Recently I had the idea to organize a tabletop game night for a community with whom I’m involved, and I was genuinely surprised at how little effort was required of me to pull it off and how much return I got on that tiny investment. Plus I got to play games for a few hours, too!
If you’re still reading this post, odds are fair that you might be interested in doing the same sometime. Awesome! Here’s the good news: It is fairly simple. If you follow these seven steps, you’re sure to have an easy time and, equally important, a good time!
1 Advertise, advertise, advertise (and do so early).
People are busy, man! If you want them to show up in numbers, give them plenty of heads up and hype it often. I scheduled mine two months in advance, announced it every week leading up to the event, and also further hyped it by posting pics of the games that would be available for play in the days leading up to the event in our Facebook Group.
And if the first night goes really well, word of mouth will carry some of this load for you going forward. The first question I asked the students when we were done was if they would do this again, and I was met with a resounding “YES.” When I get the next one on the calendar, I’ll look to them for validation amongst their peers about how awesome the evening was. A game night might have sounded lame coming from me, but when their friends speak directly to how much fun they had we should see a spike in attendance.
If you want to guarantee that this game night thing doesn’t happen with regularity: Overcomplicate it.
Keep It Simple, Stupid.
This doesn’t have to be a massive production. All you really need to ensure is that you’ve got the space, the furniture, and a sufficient number of games for however many folks you’re expecting. I organized snacks and drinks for my group, but you can 100% make this a BYO___ situation and make things even easier on your end. Bottom line is that the easier it is for you to organize, the more likely you are to repeat it!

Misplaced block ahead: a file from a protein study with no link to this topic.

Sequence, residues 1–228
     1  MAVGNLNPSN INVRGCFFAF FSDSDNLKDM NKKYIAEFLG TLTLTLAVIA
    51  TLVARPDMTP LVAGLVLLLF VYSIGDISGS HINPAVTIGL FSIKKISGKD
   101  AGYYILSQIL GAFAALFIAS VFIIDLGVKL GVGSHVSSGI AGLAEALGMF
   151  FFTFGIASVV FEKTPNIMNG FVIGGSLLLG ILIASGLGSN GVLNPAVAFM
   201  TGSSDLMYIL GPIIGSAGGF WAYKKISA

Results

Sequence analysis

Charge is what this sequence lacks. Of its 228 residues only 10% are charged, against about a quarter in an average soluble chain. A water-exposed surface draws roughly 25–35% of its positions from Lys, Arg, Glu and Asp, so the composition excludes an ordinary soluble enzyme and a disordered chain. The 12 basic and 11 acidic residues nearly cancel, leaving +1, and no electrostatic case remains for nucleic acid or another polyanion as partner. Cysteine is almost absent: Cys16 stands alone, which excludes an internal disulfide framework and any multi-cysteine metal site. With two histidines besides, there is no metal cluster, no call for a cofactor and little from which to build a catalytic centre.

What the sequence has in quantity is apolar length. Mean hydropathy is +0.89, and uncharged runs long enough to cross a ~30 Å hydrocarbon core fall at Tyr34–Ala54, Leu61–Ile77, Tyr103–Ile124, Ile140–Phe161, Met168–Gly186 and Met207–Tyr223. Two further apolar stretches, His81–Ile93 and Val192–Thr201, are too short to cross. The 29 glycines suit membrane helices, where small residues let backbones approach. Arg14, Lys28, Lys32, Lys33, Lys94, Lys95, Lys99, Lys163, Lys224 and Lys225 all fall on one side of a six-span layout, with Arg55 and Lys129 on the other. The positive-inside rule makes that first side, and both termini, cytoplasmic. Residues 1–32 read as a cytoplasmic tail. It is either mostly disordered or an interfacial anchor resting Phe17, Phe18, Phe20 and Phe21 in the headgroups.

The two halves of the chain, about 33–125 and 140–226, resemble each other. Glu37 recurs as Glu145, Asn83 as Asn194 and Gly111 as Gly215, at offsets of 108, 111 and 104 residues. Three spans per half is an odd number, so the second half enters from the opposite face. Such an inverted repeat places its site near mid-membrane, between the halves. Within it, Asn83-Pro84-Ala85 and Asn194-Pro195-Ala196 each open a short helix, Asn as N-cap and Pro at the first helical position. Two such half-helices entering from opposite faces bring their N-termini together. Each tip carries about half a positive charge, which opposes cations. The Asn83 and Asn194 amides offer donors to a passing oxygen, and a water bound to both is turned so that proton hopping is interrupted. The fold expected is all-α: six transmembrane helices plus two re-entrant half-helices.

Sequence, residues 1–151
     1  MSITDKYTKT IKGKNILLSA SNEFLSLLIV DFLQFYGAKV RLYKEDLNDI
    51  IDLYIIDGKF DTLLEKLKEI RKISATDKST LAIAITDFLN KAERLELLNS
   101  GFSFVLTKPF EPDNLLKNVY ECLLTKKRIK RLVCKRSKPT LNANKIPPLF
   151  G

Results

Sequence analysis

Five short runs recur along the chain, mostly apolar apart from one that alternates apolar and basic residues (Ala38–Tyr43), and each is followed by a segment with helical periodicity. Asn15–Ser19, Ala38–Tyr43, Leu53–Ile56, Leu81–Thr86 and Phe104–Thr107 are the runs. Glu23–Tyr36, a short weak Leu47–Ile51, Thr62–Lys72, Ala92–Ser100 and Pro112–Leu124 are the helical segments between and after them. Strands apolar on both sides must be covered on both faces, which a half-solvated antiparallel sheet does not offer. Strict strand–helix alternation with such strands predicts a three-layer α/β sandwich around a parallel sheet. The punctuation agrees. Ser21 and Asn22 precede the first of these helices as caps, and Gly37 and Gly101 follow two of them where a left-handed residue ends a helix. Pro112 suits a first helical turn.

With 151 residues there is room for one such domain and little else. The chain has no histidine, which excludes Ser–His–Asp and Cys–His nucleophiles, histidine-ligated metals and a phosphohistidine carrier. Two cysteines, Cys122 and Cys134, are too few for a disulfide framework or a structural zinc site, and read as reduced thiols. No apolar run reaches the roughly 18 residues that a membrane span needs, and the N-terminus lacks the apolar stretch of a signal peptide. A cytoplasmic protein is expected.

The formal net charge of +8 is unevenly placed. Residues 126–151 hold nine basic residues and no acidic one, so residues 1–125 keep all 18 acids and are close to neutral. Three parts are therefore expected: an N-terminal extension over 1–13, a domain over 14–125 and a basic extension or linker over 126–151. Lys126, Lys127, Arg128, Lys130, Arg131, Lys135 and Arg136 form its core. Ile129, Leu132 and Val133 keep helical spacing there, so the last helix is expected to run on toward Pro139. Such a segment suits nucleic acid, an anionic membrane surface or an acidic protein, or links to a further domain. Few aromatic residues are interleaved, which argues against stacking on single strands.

3 The biggest consideration might be tables.
We had the luxury of setting up three different kinds of tables:
Standard 3×3 card tables, 2.5×6 rectangular tables, and 5ft diameter round tables. Coup could easily be played at a card table; Xenoshyft cannot. King of Tokyo would require too much reaching at the circular tables, but they worked great for Codenames. When students decided on the game they wanted to play, we directed them to a free table that made sense for that game.
This might well prove the trickiest bit of planning for the evening. Most people aren’t swimming in tables after all, but ask around and you might find that a church, event rental company, homeowners association, or even your FLGS would be happy to lend or rent you tables (or even host your event!) if your friends and family have none you can borrow.
4 Pair the old and familiar with the new and adventurous.
Not everyone is going to leap at the idea of showing up to a game night which will feature absolutely nothing they’re familiar with. That will scare some folks right off, actually. Instead, promise that there will be some familiar games that everyone knows how to play available, too. Let them know they can come, enjoy a classic like Uno, and still be a part of the evening of fun! Some of the younger girls that came out played Uno for the first part of the evening. I didn’t swoop down on their table and try to shove Coup down their throats! I dropped by, spectated and chatted for a bit, enjoyed them enjoying themselves, and moved on.